Geoff’s Top Wines from Vinitaly!
2012 Frescobaldi Nipozzano Chianti ($24.00) Buy Now>
2015 Tenuta San Guido Guidalberto ($38.00) Buy Now>
2011 Massolino Barolo Parafada ($80.00) Buy Now>
2014 Antinori Tignanello ($105.00) Buy Now>
2014 Sassicaia- FUTURES ($148.00) Buy Now>
Vinitaly is the most important week of the year in the Italian Wine World. It is a rite of passage for wine professionals to make the trek to Verona where everyone who is anyone descends on the Veneto for a week of tastings, galas, and late-night parties.
The size of the fair is truly awe-inspiring. As you walk around Veronafiere, where the event is held, it almost looks like a Hollywood studio with a patchwork maze of giant exhibition halls that could double as sound stages. Every region of Italy is represented, including little-known regions such as Lazio and Marche which have their own dedicated airplane-hangar size exhibition halls full of wineries pouring their wares. It is not an exaggeration to say that every major – and minor – producer in Italy is here. You could spend months at this event and still not see, taste, and smell everything. It’s almost insane to try to take it all in during the span of only three days! Nevertheless, that’s precisely what I attempted to do this year.
My first day of Vinitaly was filled with tastings of a number of great producers including Castello dei Rampolla, Pelissero, Masi and Tenuta Sette Ponti. Lunch was sublime, hosted by Tenuta San Guido where I got to sample their newest releases, Le Difese and Guidalberto from the highly-rated 2015 vintage and the brand new 2014 Sassicaia. Dinner that night was one of the true highlights of the trip: a gorgeous gala dinner hosted at the Allegrini estate just outside of town. The central courtyard of the estate was transformed into a magical garden with dozens of food and wine stations pouring incredible wines from Allegrini, Frescobaldi, Feudi di San Gregorio, Fontanafredda, and Planeta, among others. The evening concluded with a performance of classic Opera favorites and an incredible fireworks display over the vineyards.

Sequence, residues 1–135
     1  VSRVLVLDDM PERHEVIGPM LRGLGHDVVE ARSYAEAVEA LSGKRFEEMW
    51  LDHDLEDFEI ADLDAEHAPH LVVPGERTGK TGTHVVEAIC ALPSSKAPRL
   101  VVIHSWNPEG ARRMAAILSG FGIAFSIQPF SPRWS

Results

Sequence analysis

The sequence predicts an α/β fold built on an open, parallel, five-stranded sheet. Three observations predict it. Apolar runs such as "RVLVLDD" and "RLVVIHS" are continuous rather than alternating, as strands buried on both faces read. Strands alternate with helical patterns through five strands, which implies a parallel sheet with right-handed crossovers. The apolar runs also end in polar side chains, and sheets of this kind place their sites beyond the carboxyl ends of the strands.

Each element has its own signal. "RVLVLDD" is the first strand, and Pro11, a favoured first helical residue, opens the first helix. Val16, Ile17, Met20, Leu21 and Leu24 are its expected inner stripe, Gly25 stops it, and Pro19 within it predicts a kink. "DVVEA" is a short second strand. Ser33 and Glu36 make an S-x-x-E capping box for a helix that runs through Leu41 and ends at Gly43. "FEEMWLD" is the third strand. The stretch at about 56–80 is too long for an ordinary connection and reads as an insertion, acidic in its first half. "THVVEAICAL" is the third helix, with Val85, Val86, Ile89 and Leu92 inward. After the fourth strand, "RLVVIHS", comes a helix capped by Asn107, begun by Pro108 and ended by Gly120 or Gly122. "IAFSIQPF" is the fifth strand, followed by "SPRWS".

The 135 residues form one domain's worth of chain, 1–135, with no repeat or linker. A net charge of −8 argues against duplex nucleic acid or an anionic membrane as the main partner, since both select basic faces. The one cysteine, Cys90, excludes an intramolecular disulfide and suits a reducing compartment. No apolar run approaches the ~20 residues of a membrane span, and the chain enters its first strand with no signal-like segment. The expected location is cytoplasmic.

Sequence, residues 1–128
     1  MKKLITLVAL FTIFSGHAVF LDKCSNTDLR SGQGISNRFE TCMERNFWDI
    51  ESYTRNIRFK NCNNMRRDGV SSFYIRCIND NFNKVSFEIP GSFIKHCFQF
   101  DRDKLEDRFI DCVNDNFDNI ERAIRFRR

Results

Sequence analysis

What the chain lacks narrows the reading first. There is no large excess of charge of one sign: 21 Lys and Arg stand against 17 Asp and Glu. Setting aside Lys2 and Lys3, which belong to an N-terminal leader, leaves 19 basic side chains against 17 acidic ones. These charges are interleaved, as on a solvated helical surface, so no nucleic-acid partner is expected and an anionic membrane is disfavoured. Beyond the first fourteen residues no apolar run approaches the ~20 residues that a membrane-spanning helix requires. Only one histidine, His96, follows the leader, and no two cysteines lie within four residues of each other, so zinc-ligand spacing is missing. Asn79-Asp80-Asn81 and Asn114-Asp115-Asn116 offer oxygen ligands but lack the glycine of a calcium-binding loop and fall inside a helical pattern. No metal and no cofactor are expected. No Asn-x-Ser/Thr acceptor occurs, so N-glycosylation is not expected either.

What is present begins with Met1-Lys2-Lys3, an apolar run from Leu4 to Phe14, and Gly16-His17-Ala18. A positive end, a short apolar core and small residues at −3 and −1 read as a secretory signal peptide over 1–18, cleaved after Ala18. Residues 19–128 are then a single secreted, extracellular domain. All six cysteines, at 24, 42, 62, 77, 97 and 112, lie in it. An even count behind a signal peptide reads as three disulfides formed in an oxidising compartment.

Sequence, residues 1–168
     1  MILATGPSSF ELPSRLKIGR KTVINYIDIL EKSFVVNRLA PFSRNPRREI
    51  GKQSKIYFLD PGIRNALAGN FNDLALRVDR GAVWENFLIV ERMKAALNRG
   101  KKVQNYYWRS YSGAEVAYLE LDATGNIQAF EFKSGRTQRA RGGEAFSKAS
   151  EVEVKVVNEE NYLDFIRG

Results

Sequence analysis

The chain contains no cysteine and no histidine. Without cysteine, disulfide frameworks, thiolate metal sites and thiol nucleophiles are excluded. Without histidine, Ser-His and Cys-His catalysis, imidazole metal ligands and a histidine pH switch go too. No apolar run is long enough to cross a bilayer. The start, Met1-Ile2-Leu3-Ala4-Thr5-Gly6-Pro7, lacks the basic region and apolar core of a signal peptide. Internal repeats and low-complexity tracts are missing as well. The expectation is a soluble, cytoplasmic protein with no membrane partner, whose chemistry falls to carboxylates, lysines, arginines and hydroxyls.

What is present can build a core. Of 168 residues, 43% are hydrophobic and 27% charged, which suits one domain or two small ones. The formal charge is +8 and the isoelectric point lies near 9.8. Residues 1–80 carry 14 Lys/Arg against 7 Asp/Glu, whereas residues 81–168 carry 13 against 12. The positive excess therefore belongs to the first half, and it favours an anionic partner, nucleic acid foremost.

Back in town we headed to Antica Bottega del Vino which is almost as famous as Vinitaly itself. This historic wine bar and taverna is known for its large by-the-glass selection and a truly encyclopedic wine list. You could hear the din of the crowd outside Bottega from a few blocks away. Walking up to it, I saw that there must have been a hundred people crammed into the alley outside drinking Champagne, smoking, singing and generally being rowdy – or merry, if you will. Pushing through this sea of humanity, I found my way to the door, and with the help of some friends inside, made my way into the main room. Flipping through the phonebook-sized wine list, it’s mind-boggling what they have stashed away in the cellar: verticals from every major Italian producer along with sizeable stocks from Bordeaux, Burgundy, Champagne and many other regions. We settled on a Champagne from Marie Noelle Ledru, and a few bottles from Clos Rougeard and Felsina. A few plates of Pata Negra completed our late night hangout which stretched into the wee hours of the morning.
On day two I was up early and back at the fair where I took appointments with Antinori, Duemani, Col d’Orcia, Mazzei, Planeta, Colombini, Terlano and Massolino. I also had the opportunity to taste at the Consorzio Brunello di Montalcino where I was able to sample over fifty different Brunelli, mostly new releases from the excellent 2012 vintage. This sort of tasting is invaluable in getting a lay of the land and comparing everything in one setting to select the best of the vintage.
Dinner that night was hosted by Tenuta Sette Ponti at the Michelin-starred Ristorante Perbellini just outside the city. This extraordinary event by marked by incredible food, a beautiful setting, and great wines including Saia, Crognolo and their flagship, Oreno. On the way home we stopped at Bottega del Vino again where the crowd looked almost twice the size of the night before.
The third and final day included tastings with Le Pupille, Il Maronetto, Poggio Scalete, Tua Rita, Galardi, and a few new discoveries in Zyme, who are making incredible Valpolicella and Amarone, as well as Santa Maria La Nave, who are one of the most exciting up-and-coming producers in Etna.
Vinitaly is a truly incredible experience and they have several days that are open to consumers, so even if you are not in the trade, I would wholeheartedly recommend making the trip at least once. It is a week like no other week, when an ancient city comes alive and bristles with energy, all in the pure celebration of the majesty of Italian food and wine.
By Geoff Pattison, Bordeaux Buyer at the top of the blog